February 25, 2022
In 1997, John Huttlinger was a little bit of an outlier when it comes to founding members of the Adirondack Film Society and Lake Placid Film Festival.
The five others all had previous ties to artistic endeavors and the movie industry. Kathleen Carroll was the film critic for the New York Daily News. Russell Banks was a novelist whose book “The Sweet Hereafter” had just been adapted to the screen. Naj Wikoff was a well-established artist, consultant and administrator. Nelson Page and Reg Clark operated movie theaters.
John was a certified public accountant.
“I’ve always loved film,” he said. “I lived in New York City for about 15 years and I was always going to the Thalia, the Bleeker Street Cinema, Carnegie Cinema – all these arthouse theaters. So, film was in my blood.”
A packed screening of “The Sweet Hereafter” at the Palace Theater in Lake Placid was a catalyst in creating the film society and what was then known as the Lake Placid Film Forum. Kathleen preferred the word “forum” because it wouldn’t just be an event that showed films. There would be writers’ workshops, filmmaking competitions and interviews with directors.
John and Kathleen’s families were close when the two were growing up. John was good friends with her younger sister, Mary Claire. Being more than 10 years younger than Kathleen, John looked up to her and viewed her as leading an exotic lifestyle.
“Mary Claire would talk about her sister living in New York City, working as a film critic,” he said. “Kathleen was like a rock star.”
John may not be at the forefront of the festival’s creative direction, but as treasurer, he handles plenty of behind-the-scenes operations. While people like Kathleen, Alan Hofmanis and Dylan Skolnick picked which movies they wanted to screen and filmmakers they wanted to showcase, John established the society as a nonprofit, took care of its taxes and submitted grant applications.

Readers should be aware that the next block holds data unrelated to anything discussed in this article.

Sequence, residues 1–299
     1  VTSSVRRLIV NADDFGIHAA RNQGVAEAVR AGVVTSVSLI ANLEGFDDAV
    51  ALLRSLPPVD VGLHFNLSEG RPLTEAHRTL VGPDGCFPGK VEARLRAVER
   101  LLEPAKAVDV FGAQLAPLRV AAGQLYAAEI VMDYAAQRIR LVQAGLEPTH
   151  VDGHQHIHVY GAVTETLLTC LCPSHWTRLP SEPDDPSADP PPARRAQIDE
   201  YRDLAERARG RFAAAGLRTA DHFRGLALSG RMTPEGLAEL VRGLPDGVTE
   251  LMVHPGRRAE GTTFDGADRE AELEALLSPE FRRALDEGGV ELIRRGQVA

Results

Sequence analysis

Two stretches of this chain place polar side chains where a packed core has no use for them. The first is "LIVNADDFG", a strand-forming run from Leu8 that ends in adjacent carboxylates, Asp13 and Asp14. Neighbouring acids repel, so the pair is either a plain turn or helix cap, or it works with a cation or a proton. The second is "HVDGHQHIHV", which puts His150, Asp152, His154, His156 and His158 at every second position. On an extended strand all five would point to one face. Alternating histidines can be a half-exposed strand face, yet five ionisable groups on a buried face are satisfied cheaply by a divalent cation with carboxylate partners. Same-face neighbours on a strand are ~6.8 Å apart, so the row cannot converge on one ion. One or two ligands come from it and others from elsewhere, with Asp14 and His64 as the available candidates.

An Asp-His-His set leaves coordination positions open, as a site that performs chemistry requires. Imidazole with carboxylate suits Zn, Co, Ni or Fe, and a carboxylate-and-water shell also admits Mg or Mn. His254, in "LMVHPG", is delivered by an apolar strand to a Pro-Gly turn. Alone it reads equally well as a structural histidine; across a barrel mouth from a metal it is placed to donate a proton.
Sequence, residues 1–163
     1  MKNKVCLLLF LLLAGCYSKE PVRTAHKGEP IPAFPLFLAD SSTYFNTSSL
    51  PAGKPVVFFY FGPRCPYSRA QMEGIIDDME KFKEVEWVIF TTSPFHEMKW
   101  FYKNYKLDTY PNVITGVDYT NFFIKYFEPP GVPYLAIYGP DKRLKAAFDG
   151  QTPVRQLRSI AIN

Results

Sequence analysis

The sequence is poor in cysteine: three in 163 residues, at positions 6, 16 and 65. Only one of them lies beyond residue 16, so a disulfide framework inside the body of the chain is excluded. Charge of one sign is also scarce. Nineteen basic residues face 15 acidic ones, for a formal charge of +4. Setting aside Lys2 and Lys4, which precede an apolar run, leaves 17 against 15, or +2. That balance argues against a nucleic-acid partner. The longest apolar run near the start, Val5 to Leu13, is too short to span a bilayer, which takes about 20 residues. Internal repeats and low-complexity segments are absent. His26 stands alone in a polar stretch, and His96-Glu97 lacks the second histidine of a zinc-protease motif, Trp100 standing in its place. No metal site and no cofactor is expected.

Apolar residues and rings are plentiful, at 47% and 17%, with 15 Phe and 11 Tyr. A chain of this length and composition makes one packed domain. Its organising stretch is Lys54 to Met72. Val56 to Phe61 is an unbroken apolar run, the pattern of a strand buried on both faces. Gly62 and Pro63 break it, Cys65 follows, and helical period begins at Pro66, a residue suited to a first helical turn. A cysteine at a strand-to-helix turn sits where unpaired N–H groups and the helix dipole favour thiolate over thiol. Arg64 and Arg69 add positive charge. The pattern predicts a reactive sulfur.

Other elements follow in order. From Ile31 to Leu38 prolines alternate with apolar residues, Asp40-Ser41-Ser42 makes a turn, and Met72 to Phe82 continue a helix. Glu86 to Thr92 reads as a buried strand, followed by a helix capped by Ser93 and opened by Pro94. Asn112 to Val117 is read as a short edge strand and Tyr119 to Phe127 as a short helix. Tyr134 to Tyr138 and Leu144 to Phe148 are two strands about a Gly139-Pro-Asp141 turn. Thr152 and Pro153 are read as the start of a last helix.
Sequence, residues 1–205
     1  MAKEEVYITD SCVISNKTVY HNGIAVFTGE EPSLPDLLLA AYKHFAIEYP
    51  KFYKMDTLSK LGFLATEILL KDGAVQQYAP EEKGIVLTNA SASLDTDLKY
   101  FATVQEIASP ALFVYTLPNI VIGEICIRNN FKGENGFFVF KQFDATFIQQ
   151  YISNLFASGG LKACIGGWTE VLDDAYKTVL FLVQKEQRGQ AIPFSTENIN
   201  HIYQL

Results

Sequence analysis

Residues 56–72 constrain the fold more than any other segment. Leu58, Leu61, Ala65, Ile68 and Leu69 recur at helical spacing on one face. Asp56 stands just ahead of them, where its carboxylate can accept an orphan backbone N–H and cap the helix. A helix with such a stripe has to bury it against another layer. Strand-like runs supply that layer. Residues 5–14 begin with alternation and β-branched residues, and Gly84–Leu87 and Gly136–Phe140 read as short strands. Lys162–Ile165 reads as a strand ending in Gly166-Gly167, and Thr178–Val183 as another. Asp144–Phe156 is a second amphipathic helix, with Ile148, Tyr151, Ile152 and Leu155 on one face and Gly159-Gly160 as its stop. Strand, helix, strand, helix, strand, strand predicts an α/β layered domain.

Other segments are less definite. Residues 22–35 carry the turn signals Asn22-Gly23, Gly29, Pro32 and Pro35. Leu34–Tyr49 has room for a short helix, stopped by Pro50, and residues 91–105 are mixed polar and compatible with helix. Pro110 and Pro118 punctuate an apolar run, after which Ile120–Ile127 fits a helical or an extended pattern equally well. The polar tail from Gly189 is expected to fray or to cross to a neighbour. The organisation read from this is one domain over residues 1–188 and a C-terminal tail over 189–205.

Some of his favorite films include “Chinatown,” “Midnight Cowboy,” “Easy Rider” and “Bonnie and Clyde.” John enjoys the Lake Placid Film Festival because it’s not “flashy” and it showcases films with impactful messages even if they don’t garner mass audiences.
“I’m not looking to see the big blockbusters,” he said.
Now approaching its 20th festival, John said Lake Placid and the Adirondacks can offer people more than just sports and recreation, the two main drivers of North Country economy.
“We don’t just support film for our festival,” he said. “We support it as an occupation and as a location. We want filmmakers to come up here and do their work. We host events, screenings and competitions for students. We also support the local movie theaters.”
By the early 2010s, movie distributors quickly began switching to digital options as opposed to traditional film reels.
“It was, like, literally overnight,” John said.
The problem was that many movie houses, especially the independent ones, didn’t have the funds to purchase new digital projectors and screens, which could cost more than $100,000 per theater.
The film society partnered with the Adirondack North Country Association for their “Go Digital or Go Dark” campaign, which raised funds for conversions in independent movie theaters across the North Country.
“It was successful and every one of those theaters was able to get their equipment,” John said.
After two decades of building a film-friendly presence in the Adirondacks, John said it would’ve been impossible without a group effort.
“Every year, we have great programing, and we stay true to our message,” he said. “And that’s not just me, or Nelson or Gary Smith (film society chair). We’ve had great support people in the form of Steve Jonas, T.J. Brearton, Nini Hadjis and Fred Balzac. Those people share an equally important vision of what the society should be.”
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